Synchronous and asynchronous double Qlearning: In this paper, we study the finitetime convergence rate of double Qlearning in two different settings: synchronous and asynchronous implementations. For synchronous double Qlearning (as shown in Algorithm 1), all the stateaction pairs of the chosen Qestimator are visited simultaneously at each iteration. For the asynchronous case, only one stateaction pair is updated in the chosen Qtable. Specifically, in the latter case, we sample a trajectory under a certain exploration strategy, where denotes the index of the chosen Qtable at time . Then the two Qtables are updated based on the following rule:
where .
We next provide the boundedness property of the Qestimators and the errors in the following lemma, which is typically necessary for the finitetime analysis.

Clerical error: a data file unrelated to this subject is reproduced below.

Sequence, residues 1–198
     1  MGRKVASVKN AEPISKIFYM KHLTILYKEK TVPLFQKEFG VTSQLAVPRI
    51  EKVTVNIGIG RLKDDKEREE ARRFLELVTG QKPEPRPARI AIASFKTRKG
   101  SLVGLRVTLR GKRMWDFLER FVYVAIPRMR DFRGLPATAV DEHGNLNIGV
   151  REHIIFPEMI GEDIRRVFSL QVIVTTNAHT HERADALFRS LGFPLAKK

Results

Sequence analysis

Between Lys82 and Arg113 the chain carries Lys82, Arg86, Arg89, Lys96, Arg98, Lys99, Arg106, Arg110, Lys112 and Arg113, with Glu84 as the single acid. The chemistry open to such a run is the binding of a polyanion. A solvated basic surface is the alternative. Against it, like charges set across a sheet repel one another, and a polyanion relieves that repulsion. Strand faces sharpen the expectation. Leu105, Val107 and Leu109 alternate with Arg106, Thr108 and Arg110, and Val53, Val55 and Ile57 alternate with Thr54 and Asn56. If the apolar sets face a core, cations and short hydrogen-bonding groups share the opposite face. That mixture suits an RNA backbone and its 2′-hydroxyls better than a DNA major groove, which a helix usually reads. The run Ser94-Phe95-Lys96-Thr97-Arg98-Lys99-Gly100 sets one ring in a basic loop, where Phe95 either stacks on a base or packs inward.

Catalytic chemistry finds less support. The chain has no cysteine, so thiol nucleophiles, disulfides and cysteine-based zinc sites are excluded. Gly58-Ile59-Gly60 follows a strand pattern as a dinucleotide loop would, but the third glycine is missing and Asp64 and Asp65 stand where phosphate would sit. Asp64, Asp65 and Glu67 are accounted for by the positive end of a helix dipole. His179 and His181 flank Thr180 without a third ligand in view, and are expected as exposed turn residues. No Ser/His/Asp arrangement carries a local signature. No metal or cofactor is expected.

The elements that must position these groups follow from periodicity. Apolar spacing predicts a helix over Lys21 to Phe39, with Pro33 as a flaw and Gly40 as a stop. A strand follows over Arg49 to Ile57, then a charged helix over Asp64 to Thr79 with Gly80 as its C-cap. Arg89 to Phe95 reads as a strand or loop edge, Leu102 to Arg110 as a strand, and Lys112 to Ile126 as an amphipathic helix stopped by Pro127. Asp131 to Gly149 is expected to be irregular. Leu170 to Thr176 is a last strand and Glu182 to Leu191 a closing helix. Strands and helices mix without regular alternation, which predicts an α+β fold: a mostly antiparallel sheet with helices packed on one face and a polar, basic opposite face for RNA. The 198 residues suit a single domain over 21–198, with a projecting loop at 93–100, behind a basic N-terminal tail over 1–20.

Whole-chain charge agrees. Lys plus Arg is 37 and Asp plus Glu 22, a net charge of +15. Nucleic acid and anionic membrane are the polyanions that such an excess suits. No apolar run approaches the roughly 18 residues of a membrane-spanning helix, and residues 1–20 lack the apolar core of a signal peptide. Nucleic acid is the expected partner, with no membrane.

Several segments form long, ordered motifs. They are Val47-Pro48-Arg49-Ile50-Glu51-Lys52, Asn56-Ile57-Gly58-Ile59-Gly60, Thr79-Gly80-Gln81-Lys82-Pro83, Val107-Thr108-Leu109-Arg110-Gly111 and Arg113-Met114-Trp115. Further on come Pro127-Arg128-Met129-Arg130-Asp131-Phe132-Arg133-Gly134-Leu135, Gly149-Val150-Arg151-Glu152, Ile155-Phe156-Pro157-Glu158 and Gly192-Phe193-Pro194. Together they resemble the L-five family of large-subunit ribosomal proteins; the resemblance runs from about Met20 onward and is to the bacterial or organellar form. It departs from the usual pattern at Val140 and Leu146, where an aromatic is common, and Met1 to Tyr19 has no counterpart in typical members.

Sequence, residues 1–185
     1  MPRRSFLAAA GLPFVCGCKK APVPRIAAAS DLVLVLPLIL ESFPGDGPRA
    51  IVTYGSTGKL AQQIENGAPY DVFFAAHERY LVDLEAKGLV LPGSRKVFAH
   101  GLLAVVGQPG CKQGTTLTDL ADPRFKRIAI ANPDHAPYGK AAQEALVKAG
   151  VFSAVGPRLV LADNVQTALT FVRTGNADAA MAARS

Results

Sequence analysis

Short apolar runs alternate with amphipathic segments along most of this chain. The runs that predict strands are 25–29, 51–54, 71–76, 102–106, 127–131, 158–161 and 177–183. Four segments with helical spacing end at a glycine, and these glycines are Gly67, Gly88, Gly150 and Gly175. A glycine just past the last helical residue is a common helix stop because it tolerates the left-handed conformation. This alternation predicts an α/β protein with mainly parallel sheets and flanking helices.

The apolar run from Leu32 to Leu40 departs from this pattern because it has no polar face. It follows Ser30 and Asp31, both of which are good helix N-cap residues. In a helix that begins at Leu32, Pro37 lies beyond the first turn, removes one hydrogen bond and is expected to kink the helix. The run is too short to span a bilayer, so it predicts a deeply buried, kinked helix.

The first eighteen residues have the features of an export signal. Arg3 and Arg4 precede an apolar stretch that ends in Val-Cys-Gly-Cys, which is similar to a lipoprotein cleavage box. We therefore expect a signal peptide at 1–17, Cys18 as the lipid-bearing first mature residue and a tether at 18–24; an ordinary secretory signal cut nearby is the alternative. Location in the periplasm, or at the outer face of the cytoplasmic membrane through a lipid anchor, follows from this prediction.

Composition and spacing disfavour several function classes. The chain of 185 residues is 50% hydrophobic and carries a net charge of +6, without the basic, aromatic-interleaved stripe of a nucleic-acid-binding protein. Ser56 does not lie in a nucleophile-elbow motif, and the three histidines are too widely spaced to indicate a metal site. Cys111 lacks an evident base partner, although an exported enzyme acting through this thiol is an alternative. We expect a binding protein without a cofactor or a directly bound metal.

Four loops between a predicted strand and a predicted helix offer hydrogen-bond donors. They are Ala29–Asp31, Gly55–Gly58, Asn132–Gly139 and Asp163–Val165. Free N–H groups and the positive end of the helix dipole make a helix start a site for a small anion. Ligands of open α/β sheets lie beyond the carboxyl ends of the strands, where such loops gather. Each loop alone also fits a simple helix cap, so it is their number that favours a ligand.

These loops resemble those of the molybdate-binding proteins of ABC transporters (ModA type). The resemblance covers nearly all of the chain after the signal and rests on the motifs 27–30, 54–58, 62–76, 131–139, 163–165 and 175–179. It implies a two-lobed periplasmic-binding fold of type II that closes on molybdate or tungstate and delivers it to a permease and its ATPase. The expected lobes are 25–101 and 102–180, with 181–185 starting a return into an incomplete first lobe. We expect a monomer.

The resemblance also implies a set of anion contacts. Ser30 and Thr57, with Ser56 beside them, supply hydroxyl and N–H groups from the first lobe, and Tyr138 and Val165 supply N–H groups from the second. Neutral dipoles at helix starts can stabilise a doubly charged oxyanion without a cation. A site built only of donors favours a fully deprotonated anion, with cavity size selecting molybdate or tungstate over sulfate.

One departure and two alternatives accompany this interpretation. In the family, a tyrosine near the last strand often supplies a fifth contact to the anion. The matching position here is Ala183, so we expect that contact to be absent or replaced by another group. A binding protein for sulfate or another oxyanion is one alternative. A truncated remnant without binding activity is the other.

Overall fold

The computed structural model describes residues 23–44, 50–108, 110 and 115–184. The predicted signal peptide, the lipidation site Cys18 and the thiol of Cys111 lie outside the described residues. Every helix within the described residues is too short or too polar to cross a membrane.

Lemma 1.
For either synchronous or asynchronous double Qlearning, let be the value of either Q table corresponding to a stateaction pair at iteration . Suppose . Then we have and for all , where .
Lemma 1 can be proved by induction arguments using the triangle inequality and the uniform boundedness of the reward function, which is seen in Appendix A.
3 Main results
We present our finitetime analysis for the synchronous and asynchronous double Qlearning in this section, followed by a sketch of the proof for the synchronous case which captures our main techniques. The detailed proofs of all the results are provided in the Supplementary Materials.
3.1 Synchronous double Qlearning
Since the update of the two Qestimators is symmetric, we can characterize the convergence rate of either Qestimator, e.g., , to the global optimum . To this end, we first derive two important properties of double Qlearning that are crucial to our finitetime convergence analysis.